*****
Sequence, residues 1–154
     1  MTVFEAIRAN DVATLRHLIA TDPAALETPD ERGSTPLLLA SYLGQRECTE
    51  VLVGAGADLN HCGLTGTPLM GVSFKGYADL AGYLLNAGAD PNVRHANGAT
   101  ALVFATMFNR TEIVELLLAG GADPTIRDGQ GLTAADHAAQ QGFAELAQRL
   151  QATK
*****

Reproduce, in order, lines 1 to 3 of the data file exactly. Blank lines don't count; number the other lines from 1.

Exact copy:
Sequence, residues 1–154
     1  MTVFEAIRAN DVATLRHLIA TDPAALETPD ERGSTPLLLA SYLGQRECTE
    51  VLVGAGADLN HCGLTGTPLM GVSFKGYADL AGYLLNAGAD PNVRHANGAT